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Rona: Why Investors Should Stay Away

The investment thesis for Rona (TSX:RON) is predicated largely on the Canadian housing market.  When Canadians are buying houses, they are also renovating and investing in their homes more.  This has been the driver for home improvement retailers such as Rona, Home Depot (NYSE:HD), and Lowes (NYSE:LOW).  With the Canadian housing market showing mixed signals, and fears of continued mortgage rate hikes, the macro environment is not looking good for Rona.

Further to this, and just as concerning, is the fact that Rona has been struggling to effectively compete with Home Depot, and therefore losing market share.  While Rona has been struggling to increase sales (in 2012, sales were up a mere 1.8%), Home Depot and Lowe’s had sales increases of 6.2% and 4.6% respectively in 2012.

Same store sales numbers paint a picture that is just as bleak.  In 2012, Rona’s same store sales were flat, and in the first quarter of 2013, same store sales decreased by 0.8%.  This compares to a more than 5% increase in same store sales at Home Depot.  Lowe’s saw an increase in same store sales of 10% in April after falling 10% in March, so it looks like things are improving there.

And to top it off, the recent announcement that Rona plans to close 11 stores is further evidence that it’s struggling to compete against the two U.S. giants.

The Canadian Housing Market

The most recent housing market data has sent mixed signals.   While data from May and June was better than expected, the CMHC is forecasting that housing starts will decrease 15% and existing home sales will be down 2.2% in 2013.  The Bank of Canada has bolstered this forecast by indicating new construction will decline as the market addresses previous overbuilding.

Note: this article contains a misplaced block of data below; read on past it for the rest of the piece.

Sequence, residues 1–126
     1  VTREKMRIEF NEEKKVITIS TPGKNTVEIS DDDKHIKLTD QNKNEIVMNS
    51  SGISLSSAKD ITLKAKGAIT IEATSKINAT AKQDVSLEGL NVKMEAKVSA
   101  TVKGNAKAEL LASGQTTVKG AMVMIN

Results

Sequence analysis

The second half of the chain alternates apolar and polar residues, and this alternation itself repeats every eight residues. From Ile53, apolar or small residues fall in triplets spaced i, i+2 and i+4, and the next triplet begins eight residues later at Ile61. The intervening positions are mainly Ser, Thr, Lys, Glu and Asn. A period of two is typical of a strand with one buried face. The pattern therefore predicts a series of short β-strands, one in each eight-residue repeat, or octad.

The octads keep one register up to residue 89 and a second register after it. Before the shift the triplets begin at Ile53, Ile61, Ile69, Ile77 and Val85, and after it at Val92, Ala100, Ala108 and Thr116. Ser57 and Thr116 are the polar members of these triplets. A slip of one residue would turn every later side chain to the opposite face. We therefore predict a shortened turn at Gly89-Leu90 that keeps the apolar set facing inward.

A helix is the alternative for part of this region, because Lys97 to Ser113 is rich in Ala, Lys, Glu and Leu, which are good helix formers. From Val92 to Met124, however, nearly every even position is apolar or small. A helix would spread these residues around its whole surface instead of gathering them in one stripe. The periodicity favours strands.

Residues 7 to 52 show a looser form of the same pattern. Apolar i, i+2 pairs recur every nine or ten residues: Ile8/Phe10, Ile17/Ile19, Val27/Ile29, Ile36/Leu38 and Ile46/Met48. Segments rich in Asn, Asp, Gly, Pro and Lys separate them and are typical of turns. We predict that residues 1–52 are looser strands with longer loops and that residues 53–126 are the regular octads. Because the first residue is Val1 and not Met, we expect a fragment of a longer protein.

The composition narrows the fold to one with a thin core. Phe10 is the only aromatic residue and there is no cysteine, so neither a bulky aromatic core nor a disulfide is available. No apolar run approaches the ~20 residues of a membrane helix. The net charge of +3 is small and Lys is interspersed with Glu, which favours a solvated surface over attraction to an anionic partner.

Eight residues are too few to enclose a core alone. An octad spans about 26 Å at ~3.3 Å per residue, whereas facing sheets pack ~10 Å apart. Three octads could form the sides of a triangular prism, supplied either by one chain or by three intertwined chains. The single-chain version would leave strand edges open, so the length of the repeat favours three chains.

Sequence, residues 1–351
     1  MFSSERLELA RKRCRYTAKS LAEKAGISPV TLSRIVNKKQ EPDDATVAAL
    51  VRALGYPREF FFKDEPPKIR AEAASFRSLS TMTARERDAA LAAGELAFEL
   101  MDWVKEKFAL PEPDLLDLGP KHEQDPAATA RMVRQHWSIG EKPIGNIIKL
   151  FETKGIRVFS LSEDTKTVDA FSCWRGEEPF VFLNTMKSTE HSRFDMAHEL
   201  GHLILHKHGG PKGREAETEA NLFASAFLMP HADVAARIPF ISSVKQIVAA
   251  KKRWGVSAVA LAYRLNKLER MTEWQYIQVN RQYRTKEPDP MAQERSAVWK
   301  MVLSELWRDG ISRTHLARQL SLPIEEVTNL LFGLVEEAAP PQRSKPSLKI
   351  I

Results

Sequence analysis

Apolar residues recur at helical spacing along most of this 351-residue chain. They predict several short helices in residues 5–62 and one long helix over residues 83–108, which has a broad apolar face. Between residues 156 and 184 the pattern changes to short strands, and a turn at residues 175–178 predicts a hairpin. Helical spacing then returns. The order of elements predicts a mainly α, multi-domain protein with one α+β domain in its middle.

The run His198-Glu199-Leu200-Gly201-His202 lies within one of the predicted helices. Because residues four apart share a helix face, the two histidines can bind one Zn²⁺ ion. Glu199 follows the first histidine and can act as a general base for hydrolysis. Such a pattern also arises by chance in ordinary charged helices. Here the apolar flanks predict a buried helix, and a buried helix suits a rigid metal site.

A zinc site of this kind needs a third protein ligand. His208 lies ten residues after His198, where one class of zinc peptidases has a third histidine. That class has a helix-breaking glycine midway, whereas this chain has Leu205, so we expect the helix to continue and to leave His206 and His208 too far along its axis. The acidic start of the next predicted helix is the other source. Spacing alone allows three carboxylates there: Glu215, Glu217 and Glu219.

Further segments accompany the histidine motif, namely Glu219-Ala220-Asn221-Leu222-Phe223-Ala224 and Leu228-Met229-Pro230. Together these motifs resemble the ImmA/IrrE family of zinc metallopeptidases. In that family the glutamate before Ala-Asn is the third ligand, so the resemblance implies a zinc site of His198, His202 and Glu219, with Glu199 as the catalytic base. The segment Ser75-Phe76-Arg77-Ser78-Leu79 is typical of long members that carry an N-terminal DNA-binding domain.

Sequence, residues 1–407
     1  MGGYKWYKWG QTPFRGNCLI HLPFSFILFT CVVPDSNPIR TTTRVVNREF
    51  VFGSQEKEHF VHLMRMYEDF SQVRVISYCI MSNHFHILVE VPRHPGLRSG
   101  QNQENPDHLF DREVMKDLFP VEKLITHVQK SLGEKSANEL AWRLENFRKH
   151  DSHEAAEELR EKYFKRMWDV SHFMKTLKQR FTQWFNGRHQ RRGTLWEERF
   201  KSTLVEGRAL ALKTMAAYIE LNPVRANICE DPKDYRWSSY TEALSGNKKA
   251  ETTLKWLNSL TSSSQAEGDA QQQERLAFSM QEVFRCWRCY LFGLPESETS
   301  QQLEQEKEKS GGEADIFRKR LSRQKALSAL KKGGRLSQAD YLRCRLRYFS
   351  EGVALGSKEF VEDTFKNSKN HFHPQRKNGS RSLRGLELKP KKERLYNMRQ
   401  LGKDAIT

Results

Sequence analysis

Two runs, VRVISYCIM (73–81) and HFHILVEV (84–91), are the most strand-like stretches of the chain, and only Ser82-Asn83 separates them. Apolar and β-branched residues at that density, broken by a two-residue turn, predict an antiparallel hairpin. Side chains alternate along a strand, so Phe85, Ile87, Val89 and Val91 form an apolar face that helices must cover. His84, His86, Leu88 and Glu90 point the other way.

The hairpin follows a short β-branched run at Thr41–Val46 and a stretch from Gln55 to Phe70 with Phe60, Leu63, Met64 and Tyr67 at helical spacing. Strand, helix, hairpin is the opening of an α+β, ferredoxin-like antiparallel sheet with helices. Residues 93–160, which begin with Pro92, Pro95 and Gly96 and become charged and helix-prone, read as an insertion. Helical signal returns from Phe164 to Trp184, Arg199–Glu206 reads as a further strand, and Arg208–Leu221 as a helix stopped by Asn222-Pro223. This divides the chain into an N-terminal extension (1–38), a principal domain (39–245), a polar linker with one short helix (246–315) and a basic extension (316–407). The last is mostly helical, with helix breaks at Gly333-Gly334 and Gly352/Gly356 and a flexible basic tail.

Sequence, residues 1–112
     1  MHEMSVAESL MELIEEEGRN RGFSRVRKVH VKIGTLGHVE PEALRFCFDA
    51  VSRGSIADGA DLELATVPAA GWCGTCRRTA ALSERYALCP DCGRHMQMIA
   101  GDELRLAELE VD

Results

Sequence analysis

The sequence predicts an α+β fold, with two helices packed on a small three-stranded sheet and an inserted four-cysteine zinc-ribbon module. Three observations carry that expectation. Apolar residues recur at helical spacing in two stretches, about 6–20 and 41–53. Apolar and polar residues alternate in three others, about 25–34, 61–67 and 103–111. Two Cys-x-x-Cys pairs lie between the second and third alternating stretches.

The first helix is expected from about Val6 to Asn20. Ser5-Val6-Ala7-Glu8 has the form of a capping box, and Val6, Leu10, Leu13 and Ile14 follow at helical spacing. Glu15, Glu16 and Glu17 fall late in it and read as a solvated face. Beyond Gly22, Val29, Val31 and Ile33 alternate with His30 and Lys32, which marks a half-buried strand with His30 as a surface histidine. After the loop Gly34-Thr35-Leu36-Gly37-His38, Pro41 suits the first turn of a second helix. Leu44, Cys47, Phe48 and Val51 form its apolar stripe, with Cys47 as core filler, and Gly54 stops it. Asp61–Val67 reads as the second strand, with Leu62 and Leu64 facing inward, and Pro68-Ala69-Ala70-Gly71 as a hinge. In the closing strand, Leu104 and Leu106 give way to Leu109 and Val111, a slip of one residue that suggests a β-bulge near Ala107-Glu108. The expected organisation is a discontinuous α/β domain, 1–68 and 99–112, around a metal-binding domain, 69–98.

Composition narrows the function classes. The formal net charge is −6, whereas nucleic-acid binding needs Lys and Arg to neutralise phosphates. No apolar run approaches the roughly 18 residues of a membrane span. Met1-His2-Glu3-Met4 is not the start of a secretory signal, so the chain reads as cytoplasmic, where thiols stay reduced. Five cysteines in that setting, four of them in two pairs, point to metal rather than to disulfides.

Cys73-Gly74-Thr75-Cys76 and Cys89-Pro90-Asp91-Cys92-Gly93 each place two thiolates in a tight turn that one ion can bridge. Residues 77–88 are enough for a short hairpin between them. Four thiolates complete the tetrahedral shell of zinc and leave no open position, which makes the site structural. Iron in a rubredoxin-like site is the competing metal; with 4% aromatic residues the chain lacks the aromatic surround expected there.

Another headwind is the fact that mortgage rates have been on the rise. There is much debate as to whether rates will go higher, but the fact remains that Scotia, TD and Royal Bank have all raised mortgage rates recently. Royal Bank has lifted its 5 year fixed rate 3 times since June. It now stands at 3.69% versus 3.09% before the increases began.  This is still a very attractive rate, however, the trend is unnerving.

Rising mortgage rates, already sky-high house prices, and a high debt load for the average consumer combine to indicate the risk for the housing market is to the downside.  This backdrop does not bode well for those in the home improvement industry.

Is there hope for Rona?

Rona is effectively being squashed by the competition and the market itself is potentially about to shrink.  Is there any hope that this tide will turn?  In a nutshell, it doesn’t look good.  Rona’s earnings over the last 6 quarters have come in below expectations.  A bad sign which should leave investors with little confidence in earnings estimates going forward.  A downward bias on this company is warranted.

Just as concerning, is the fact that Rona is not well positioned for the future.  Quebec is Rona’s primary market and the housing market in that province is particularly weak.

Peer Analysis

To make matters worse, Rona’s current valuation doesn’t really reflect this dire outlook.  As illustrated in the table below, EPS growth of 49% (!!!) is being forecasted for this company in 2014.  An astounding figure given the headwinds that exist.  Though Rona’s fwd P/E multiple may look good relative to its U.S. peers, it’s based on a seemingly unrealistic forecasted rate of earnings growth.

EPS

Exp. growth

Price

2012

2013e

2014e

2013e

2014e

P/E

Rona

$11.73

$0.57

$0.65

$0.97

14.0%

49.2%

18.0

Home   Depot

$80.00

$2.12

$3.10

$3.63

46.2%

17.1%

25.8

Lowes  

$44.68

$1.66

$1.75

$2.09

5.4%

19.4%

25.5

The Foolish Bottom Line

Faced with a potentially eroding market, loss in market share, and ambitious expectations, I believe that there is no compelling reason to own this stock.

Rona’s business model is potentially unsustainable, making for one tough investment thesis, regardless of price.  Rather than struggling with a company like Rona, why not invest in one of the best business models in the world?  To learn about 3 such models, simply click here now and download our special FREE report “3 U.S. Stocks That Every Canadian Should Own”.

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Fool contributor Karen Thomas doesn’t own shares in any of the companies mentioned at this time.  The Motley Fool doesn’t own shares in any of the companies mentioned.   

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